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Old 07-04-2009, 01:17 PM
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Guyute Guyute is offline
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The music teacher/student relationship is much like therapist/patient relationships. If you don't find one that you really mesh well with, you're not going to make as much progress.

Find someone that understands your goals better (of course, it's up to you to define those goals clearly and specifically).
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Old 07-05-2009, 11:40 AM
johnra johnra is offline
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At present I am teaching myself guitar. I plan to take some lessons in the future, however, on my terms. The advice you received so far IMO is good, however, the important advice is: First you must be happy with the teacher. It is your time and money. Next you tell the teacher exactly what you want now and where you want to go. For example: I have taken classical lessons on clarinet and sax most of my child hood life. What a drag. Past sixty years of age I wanted to learn to play piano and I did not want to take lessons for ten years to do so. I hired a teacher who was also a performer. I told him I wanted to learn songs, song by song the way he played them in the clubs. If he wanted to teach me other stuff, theory, scales, etc. along with the songs fine, but, he must teach me the songs. I had a three hour lesson once a week for 21 months and then quit because I moved to another country. After 21 months I can play piano in a restaurant, dinner club, or hotel lobby and do it well. My only head start was that I knew how to read music to start with. Teachers are good, but, don't let them control you. They work for you, not the other way around. Good luck and keep playing and most of all -have fun. Music has been my life time hobby and at 71 I am still with it.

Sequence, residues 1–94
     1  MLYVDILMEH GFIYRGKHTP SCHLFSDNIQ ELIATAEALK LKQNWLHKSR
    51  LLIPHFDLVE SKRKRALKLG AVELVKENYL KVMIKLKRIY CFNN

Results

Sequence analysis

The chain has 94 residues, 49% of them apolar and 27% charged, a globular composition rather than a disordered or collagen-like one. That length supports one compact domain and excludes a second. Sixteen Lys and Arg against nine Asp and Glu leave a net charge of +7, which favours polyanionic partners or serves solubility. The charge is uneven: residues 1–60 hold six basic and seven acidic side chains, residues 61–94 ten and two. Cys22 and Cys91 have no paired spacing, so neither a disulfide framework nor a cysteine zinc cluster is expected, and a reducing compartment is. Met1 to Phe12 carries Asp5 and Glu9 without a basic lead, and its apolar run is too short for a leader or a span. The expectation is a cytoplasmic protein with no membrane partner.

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Old 07-08-2009, 12:44 PM
Fungus Kahn Fungus Kahn is offline
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Dear Jack,

Rule #1: It's supposed to be fun, man!

If you want to play the blues (whatever), find someone who is into the blues (whatever) to teach you AND encourage you. Sounds like he's the wrong teacher for you.

Best of luck,
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Old 07-08-2009, 01:45 PM
DaveT66a DaveT66a is offline
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Your (former?) teacher sounds like he's used to dealing with children rather than adults... starting from ground up only. Children often need to be led, but that's a little insulting to an adult if there's no give and take.

As to whether the homework he's giving is useful, you have to decide where this is going to take you in a year. What will you be able to do that you can't do now, and is that worthwhile to you.

If you really do want to play Lightnin' Hopkins, say, the "technique" you need for that might be something entirely foreign to this teacher.

Last edited by DaveT66a; 07-08-2009 at 01:52 PM.
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